He comes in guile, street sophistry and mercurial intensity. He snoozes with mother luck as companion and keeps suavity and charm as sweet sakes. He hit the star waves in uncommon terms through sheer unique portraits of instinctive adroitness and transgressive commitment to style. He is Ibrahim Badamosi Babangida, an unmistaken General of the Nigerian Army and hearts, who ruled the country with feisty and evasive strong arms between 1985 and 1993.
In conventional terms, a godfather which many are wont to ascribe to him is a male godparent, a mentor. In crime, he is the Boss. In ancient Sicilian culture, he was expected to help in the upbringing of the baptized child, almost like a third parent. Twice in the just ended week, he rocked the nation with throbs of his weight behind the fledgling Social Democratic Party, SDP led by Olu Falae who was on stage with him while in power as Secretary to the Government of the Federation, SGF. It ricocheted and thudded with thunderous rebound.
The Godfather. Hot on its heels, he reminisced on the evergreen annulment of the June 12, 1993 Presidential Election, presumably won by the late MKO Abiola, an event and topic stuck in his throat and which he rarely touches. The Boss. In the world of the Godfather, he never loses control or gets angry. If a bolt of lightning hits his friend, he will take it personal. In Mario Puzo’s The Godfather Trilogy, the dandy ex- military ruler approximates essential strains in standards and service. So when Vito Corleone bragged that “I’m gonna make him an offer he can’t refuse” or “Never tell anybody outside the family what you’re thinking again”, it falls perfectly into his sartorial ambience and eschatological worldview.
In and out of power, he has lived with the sobriquet of ‘Maradona”, the Argentine super football maestro renowned for his prodigious dribbling skills. Elsewhere, his exploits have been likened to Nicholo Machiavelli’s The Prince, an extended treatise on how to acquire and maintain political power. In both interfaces at the turn of the week, IBB rang with the frightening sonority of recognizing in quick breath the presence of a few caterpillars in order to be acquainted with the butterflies.
He chewed out Machiavelli’s honoured words that “To understand the nature of the people, one must be a prince and to understand the nature of the prince, one must be of the people.” As Prince of power, he bends the force of his arguments, renews his spirit of enchantments. He swims in a tide perfectly made for his bubbles. In real times, he haunts the tempest and laughs at the gunman.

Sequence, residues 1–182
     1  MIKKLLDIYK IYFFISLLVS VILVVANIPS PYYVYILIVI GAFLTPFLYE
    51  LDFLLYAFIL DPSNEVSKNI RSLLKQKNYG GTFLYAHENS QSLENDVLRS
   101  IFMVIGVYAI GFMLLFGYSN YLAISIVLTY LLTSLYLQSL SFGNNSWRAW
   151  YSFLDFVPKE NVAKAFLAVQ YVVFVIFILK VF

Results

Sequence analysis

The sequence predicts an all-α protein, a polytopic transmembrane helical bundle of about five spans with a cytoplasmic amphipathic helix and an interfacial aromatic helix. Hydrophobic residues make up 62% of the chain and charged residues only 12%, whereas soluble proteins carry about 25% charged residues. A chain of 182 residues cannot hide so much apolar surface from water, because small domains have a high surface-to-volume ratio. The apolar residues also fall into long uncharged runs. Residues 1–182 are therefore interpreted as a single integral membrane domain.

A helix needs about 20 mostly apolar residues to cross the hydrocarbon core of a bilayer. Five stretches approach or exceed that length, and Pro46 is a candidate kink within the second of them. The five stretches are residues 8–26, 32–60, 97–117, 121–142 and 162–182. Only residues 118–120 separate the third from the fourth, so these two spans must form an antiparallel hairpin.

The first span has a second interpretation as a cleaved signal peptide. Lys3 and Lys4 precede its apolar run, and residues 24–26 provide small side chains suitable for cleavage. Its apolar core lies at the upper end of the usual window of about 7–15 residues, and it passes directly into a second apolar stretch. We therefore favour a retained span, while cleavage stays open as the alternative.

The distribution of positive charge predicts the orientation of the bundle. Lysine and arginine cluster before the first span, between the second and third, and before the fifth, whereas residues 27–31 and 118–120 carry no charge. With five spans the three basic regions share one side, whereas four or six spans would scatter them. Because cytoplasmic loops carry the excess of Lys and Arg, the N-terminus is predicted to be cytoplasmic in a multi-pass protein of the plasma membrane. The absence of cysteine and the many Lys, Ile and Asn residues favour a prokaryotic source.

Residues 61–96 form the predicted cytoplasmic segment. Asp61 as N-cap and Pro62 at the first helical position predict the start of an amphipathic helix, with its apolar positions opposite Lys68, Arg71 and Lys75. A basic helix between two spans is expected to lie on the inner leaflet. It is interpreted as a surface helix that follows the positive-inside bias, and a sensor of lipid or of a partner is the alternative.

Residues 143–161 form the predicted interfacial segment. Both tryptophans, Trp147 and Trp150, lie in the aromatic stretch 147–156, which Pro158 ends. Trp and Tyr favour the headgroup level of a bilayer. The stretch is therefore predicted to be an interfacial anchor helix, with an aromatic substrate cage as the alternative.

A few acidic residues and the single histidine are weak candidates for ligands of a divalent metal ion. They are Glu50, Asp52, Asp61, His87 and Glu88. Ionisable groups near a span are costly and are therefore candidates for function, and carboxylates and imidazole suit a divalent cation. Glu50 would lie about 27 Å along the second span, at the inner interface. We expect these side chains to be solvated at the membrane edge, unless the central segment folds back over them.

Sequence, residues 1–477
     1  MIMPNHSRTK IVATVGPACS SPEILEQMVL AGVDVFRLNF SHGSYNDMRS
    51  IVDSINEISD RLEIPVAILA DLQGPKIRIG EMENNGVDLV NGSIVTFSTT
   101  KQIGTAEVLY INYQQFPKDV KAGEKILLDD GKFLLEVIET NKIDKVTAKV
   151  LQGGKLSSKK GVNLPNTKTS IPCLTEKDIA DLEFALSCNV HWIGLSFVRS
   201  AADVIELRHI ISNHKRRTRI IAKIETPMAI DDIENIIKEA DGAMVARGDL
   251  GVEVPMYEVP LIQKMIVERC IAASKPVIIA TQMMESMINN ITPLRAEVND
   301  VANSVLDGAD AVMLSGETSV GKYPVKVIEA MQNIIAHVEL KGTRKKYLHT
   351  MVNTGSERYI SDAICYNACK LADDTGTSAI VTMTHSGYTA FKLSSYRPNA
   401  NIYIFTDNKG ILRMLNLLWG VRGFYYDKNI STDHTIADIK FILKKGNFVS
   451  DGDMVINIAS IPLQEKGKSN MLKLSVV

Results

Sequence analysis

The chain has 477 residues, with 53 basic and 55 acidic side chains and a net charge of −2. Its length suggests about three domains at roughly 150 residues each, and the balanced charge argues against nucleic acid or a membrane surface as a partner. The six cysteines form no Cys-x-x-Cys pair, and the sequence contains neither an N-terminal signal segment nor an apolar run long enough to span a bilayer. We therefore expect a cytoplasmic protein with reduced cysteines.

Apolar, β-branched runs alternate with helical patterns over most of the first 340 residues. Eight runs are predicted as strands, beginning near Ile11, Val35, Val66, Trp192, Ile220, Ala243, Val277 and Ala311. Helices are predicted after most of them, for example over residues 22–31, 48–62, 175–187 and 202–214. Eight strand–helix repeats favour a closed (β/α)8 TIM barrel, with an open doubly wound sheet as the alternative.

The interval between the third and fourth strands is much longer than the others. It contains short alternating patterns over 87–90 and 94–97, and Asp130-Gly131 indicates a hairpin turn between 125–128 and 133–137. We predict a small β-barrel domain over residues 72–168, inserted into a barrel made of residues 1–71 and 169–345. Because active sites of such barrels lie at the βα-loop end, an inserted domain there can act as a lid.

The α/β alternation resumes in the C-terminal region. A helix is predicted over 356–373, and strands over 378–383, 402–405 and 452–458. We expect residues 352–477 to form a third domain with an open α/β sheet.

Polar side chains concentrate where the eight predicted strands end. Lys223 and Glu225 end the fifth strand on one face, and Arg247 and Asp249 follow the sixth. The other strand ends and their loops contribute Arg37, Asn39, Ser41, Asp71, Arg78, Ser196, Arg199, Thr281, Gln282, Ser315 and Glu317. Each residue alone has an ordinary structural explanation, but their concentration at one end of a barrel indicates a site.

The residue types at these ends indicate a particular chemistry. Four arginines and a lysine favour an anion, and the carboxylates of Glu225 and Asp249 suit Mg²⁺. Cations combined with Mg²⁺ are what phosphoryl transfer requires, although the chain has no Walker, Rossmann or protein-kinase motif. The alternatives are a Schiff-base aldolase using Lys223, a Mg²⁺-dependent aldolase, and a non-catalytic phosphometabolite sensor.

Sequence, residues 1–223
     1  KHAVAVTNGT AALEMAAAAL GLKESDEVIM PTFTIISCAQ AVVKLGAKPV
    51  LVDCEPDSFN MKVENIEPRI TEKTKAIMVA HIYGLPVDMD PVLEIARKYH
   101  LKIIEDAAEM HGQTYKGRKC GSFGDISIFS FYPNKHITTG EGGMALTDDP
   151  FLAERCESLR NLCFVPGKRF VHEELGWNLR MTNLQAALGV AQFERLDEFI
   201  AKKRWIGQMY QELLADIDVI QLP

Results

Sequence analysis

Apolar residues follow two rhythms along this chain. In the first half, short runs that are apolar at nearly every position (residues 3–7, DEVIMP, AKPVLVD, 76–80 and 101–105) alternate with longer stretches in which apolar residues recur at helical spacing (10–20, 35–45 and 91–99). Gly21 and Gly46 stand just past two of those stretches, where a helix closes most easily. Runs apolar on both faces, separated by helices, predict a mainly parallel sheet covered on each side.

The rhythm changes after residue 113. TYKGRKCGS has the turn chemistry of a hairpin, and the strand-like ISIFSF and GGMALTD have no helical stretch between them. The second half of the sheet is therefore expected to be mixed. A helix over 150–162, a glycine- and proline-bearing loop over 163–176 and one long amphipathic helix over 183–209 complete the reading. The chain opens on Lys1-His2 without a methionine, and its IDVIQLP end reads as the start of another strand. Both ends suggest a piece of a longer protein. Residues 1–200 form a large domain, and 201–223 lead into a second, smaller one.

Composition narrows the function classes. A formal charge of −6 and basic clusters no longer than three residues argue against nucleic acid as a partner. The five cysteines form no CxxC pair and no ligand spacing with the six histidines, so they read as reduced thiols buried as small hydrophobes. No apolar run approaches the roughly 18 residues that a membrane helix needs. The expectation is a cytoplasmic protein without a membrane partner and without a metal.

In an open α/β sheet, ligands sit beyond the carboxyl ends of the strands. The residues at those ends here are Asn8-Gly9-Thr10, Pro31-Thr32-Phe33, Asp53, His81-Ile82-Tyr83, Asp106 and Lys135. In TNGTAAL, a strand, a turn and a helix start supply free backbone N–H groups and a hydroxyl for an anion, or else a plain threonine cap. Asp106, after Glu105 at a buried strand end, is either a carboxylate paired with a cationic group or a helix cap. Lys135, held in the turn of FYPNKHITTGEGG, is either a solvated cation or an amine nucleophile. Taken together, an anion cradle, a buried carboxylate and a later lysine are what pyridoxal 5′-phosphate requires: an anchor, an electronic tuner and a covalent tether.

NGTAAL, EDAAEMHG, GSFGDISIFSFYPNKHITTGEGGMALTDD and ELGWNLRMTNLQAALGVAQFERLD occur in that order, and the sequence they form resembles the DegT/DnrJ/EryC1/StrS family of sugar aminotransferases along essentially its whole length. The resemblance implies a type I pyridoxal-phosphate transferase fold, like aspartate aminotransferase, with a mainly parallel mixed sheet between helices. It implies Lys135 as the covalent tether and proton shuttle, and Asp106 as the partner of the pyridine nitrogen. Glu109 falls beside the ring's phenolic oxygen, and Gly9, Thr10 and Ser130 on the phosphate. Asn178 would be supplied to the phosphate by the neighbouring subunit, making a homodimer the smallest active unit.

He can feel the exhilaration of prince hood and the sensual warmth and beauty that go with acclaim. He is hardy, inured with the times, toughened by the sprawling conditions of socio-political scatology. His sinuses are of great dimensions. He feels with the heart and has faithfulness in the little things. And he dotes on this space, ever since he “stepped aside”. Princes do have complexes – at times blunt, rude, and strong- at times good, enduring, understanding- and sometimes even stupid. As a real man, he only lies when he wants to pull a surprise. As a macho man, he wakes up to his ideals, whether noble or ignoble.
As a strong man, he protects the heart, he doesn’t play with it. It takes a real man to stay put, to give up one night stand for a ‘woman he can’t stand one night without’. His vote for SDP and his heady retreat into June 12 election fiasco are deep mementoes of a searing future of hope. Real men can’t be stolen. Strong men stay faithful. The real power of a man is in the size and shape of his commitments. Space is the place and he does not need to be one to be another, because a man has to have a code, a creed to live by, no matter his job, beliefs or instincts.
Born on August 17, 1941 in Minna, Niger state, he was a key player in most of the military coups in Nigeria. Until last week when he expressed interest for the SDP, he was a member of the Peoples Democratic Party, PDP. His wife, Maryam, with whom he had four children died in 2009.